I’m able to do this for the same reasons that the casinos used technology to track every dollar pumped into every penny slot, turn that into average daily theoretical loss (ADTL), and offer me rewards and comps and discounts that are just enough to encourage me to spend another day losing. Theoretically.

Only now that tech is everywhere. It’s fintech. It’s credit cards and e-commerce and tap your phone to pay. The cat’s out of the bag, and it’s a shopaholic.

I’m compelled to do this for the same reasons that Starbucks evolved loyalty from a notion based on taste to a points proxy that fueled a growth engine. At some point, my loyalty to Starbucks shifted from the coffee to the customer experience. 

Order in app from my office, pay with dollars I had previously over from my bank, drive over to a location, always seemingly just 10 minutes away, pick up my drink, meet my meeting counterpart, earn points (stars) and enjoy soft jazz. 

Rewarding loyalty is not just a perk anymore. It’s expected.

Related ReadingThe Best Mobile Rewards Programs Know How to Build Momentum


There Is No Loyalty, Only Math

I could go on forever about the rise of loyalty and rewards programs, like my own B2B project, or late-entrant McDonald’s using its to offset inflation-based price wars (and their app infrastructure to offset high labor costs), or Uber’s recent decision to lean hard into Uber One

And I will, obviously, write more about this concept and its derivative concepts in future articles. But I don’t want to write 10,000 words to prove out a trend when most of you are already nodding.

I want to highlight a potential pitfall right out of the gate. 

There is no such thing as loyalty in business.

In both the OG examples of digital rewards and loyalty I used, examples that were two seismic shifts coming from two disparate sources, there were also two different mistakes made on two completely different fronts.

Starbucks mistook “loyalty” for loyalty. Starbucks has always been somewhat of a political animal, and it was likely that customer loyalty, which like I said was there from the beginning, that emboldened them to make public statements and take public actions they thought would most appeal to what they knew about their customers. 

But just as Starbucks’ digital proxy for loyalty peaked, Starbucks went through a period of either saying the wrong thing or not saying the right thing or both. And those statements or lack thereof happened to coincide with some major external catalysts, most obviously the pandemic and also the tightening of the labor market, which disrupted their customer experience. All this together, and maybe a generational shift too, drew the ire of a lot of people, and their cached “loyalty” was no match for that ire.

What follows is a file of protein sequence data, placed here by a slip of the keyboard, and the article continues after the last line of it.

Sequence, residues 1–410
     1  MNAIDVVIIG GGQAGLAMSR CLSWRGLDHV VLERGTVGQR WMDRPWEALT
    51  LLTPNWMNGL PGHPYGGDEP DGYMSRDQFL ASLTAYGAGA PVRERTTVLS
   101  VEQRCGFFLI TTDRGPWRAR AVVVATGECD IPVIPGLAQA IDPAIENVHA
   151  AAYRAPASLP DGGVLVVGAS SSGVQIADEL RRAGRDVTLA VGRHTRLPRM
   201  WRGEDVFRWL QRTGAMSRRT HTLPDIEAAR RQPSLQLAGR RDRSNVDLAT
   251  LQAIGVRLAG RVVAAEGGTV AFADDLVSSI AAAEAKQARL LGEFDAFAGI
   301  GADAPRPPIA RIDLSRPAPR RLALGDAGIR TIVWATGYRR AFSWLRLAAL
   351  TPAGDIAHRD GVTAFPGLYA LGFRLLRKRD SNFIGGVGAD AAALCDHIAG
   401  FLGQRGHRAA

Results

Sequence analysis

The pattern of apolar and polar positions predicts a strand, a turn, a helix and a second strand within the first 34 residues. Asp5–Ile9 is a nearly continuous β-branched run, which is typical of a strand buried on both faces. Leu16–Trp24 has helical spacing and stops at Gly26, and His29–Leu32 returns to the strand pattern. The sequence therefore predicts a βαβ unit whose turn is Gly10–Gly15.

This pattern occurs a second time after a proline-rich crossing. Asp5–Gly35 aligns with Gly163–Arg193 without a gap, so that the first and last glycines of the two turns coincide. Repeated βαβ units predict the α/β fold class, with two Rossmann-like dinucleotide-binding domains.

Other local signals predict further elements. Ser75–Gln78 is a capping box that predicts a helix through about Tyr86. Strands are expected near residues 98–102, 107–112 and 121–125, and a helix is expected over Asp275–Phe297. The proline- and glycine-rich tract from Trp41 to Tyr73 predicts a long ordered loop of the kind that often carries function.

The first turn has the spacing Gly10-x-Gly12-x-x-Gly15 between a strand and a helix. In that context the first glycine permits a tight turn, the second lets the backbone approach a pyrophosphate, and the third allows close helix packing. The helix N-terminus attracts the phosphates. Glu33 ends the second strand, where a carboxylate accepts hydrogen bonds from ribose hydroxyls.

On the other end, the creation of literally millions of new casino VIPs established an expectation of customer service that just could never be maintained. I’m a VIP at one of these casinos, but I know my VIP treatment is only valid for a very small slice of life in these casinos. Free room? Likely. Free suite on a fight night? Laughable. 

But I know this because I’ve reverse engineered the (very complicated) math involved in bestowing my status. Most people aren’t going to bother, nor should they. Because I’m building a program, I’ve had to learn that it takes more than just computer code and connected credit-card swipes to make it work. And if I forget that loyalty is just math, I can easily fall victim to building an ultra-complicated program that is ultra-complicated to manage. 

So if you take anything away from this article, as a person looking to implement a loyalty program, it should be this. Always remember it’s just math. Points are a proxy, not real-world, in-the-blood loyalty from a customer to a company. 

That real-world loyalty still has to be maintained at a human level. But in this digital age, that loyalty must also be aggregated and rewarded because if you don’t do it, and do it right, someone else will.